The Hamilton County School Board on Thursday voted to add four more “remote days” to the schedule, with one dissenting voice. The one board member against the proposal was Rhonda Thurman, who brought up the topic of childcare on these remote days.
“It costs money to put kids in childcare, and also it leaves us five days, and we don’t know what is going to happen,” Ms. Thurman said. “Parents have jobs, and they may have to take a vacation or sick day to take care of their children.”
“A lot of kids don’t have somebody (to help them with remote learning), and the childcare people are not teachers and they don’t want that responsibility either.
And you know what, I don’t blame them.”
While fellow board member Dr. Steve Highlander did vote in approval of this recommendation, he did sympathize with Ms. Thurman’s viewpoint.
“Ms. Thurman has a valid point about parents and I respect that,” Mr. Highlander said. “Speaking from a teacher’s perspective, teachers are in a dual role. They are teaching in the classroom and virtual, and they are worn out.”
Board member Karitsa Jones said she has been in contact with teachers from her district, and she wanted to know what the consensus was about needing that time off. She said she wanted to know what other teachers were saying, because her district is in favor of more virtual days.
“Is this something we should survey to see if this would be of use,” Ms. Jones said. “I’ve heard a lot, so I’m trying to figure out if that would give us more time to have a clearer picture on what that would look like. If it would be conducive for everybody. This includes the board members to think it through.”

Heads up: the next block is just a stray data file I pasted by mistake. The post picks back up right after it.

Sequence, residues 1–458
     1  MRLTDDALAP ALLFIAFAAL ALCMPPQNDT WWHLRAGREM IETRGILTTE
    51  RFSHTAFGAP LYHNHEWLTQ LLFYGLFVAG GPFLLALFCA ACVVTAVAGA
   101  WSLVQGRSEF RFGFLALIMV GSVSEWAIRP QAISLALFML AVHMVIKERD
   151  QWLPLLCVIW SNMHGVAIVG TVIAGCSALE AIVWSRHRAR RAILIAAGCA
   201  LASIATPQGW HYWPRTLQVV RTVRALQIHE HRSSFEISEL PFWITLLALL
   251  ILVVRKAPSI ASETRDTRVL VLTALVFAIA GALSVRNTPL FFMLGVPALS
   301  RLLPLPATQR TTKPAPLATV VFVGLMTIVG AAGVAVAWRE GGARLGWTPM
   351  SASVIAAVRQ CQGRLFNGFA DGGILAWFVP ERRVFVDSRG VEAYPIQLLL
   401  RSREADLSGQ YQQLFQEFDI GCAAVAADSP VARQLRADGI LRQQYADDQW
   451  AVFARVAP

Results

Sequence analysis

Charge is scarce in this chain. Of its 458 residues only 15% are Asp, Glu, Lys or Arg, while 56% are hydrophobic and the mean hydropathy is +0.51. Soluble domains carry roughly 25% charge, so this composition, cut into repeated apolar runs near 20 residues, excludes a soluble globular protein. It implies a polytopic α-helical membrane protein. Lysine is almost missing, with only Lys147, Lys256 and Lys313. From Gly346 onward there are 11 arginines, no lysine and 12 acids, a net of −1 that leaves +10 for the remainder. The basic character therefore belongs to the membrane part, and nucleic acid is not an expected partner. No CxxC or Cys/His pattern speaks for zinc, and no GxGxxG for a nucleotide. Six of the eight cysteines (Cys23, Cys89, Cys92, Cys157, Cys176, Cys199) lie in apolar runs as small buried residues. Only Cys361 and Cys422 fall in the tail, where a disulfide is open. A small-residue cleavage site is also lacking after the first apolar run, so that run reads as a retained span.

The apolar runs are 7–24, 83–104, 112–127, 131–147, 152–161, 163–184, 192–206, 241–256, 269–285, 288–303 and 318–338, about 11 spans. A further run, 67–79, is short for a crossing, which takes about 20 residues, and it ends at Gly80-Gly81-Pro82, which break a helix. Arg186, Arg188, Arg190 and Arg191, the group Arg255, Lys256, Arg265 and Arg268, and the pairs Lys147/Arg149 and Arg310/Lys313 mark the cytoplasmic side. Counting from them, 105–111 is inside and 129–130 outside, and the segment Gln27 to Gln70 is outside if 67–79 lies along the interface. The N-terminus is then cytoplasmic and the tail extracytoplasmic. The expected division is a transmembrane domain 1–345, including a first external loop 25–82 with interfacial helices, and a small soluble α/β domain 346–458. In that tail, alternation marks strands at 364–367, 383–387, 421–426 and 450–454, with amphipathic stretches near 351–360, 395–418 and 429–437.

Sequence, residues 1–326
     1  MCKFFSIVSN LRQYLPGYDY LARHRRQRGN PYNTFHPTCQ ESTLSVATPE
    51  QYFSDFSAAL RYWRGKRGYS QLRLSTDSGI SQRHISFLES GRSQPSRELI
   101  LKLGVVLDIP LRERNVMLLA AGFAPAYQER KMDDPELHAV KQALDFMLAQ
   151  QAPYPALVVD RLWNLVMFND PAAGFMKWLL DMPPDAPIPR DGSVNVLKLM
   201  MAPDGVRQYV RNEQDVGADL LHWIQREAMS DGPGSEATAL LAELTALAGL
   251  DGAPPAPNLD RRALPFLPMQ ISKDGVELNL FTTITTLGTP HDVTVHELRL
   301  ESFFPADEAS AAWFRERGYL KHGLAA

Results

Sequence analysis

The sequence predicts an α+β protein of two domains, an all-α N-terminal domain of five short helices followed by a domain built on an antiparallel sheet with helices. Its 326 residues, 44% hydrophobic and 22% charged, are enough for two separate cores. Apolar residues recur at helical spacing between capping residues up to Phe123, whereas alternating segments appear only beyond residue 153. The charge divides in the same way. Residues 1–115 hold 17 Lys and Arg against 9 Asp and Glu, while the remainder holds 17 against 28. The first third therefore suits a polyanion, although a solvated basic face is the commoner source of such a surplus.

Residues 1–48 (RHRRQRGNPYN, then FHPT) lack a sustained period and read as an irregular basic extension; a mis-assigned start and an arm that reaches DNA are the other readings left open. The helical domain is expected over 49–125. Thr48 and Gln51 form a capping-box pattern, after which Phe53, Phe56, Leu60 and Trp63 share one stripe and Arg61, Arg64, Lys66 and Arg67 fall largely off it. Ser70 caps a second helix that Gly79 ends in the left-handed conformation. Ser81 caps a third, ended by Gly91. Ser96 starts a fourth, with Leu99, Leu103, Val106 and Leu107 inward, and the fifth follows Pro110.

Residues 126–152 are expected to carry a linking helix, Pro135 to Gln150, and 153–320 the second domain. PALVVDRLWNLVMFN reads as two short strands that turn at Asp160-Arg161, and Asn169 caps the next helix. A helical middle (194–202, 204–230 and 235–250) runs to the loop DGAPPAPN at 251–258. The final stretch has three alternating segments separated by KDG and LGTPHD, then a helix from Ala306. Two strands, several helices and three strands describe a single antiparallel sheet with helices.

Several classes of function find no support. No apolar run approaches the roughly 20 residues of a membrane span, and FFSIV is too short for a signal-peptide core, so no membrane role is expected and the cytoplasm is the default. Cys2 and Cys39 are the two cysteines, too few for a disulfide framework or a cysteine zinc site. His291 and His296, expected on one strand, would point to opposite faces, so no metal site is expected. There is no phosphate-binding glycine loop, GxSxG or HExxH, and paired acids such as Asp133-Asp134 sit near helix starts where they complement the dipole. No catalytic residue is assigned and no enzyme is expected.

New board member Marco Perez said every person involved in education, from teachers to parents to students, are under stress right now. He said that while the virtual-only days are intended as a break for teachers, it may end up not serving that purpose.
“I don’t know if they’ll get a break, to be honest,” said Mr. Perez. “Maybe it just means they’ll have more time to record more Canvas videos on that day. But I still think we should be able to provide that opportunity.”
He said retaining teachers is of the utmost importance, and he said the county cannot afford to lose teachers right now in a stressful environment where teachers are often having to teach both online and in person. He said having a few days off to possibly rest could be very beneficial.
Superintendent Dr. Bryan Johnson said the county and schools are in “uncharted waters” and that he said adjustments may be needed. He drew from his experience in college athletics when addressing the board.
“This is me, as a coach, looking at our team of leaders and teachers and students, saying ‘hey, where can we find those moments of reprieve that we’re looking for,’” Dr. Johnson said. “I’ll be frank, I don’t know what we can do, but this is essentially saying to teachers and leaders, ‘I see you.’”
Earlier in the meeting, Joe Wingate was nominated for and accepted the chairman position, which he has held for the last two years. Board member Tucker McClendon was nominated for and accepted the role of vice-chairman, taking over for from District 3’s Joe Smith.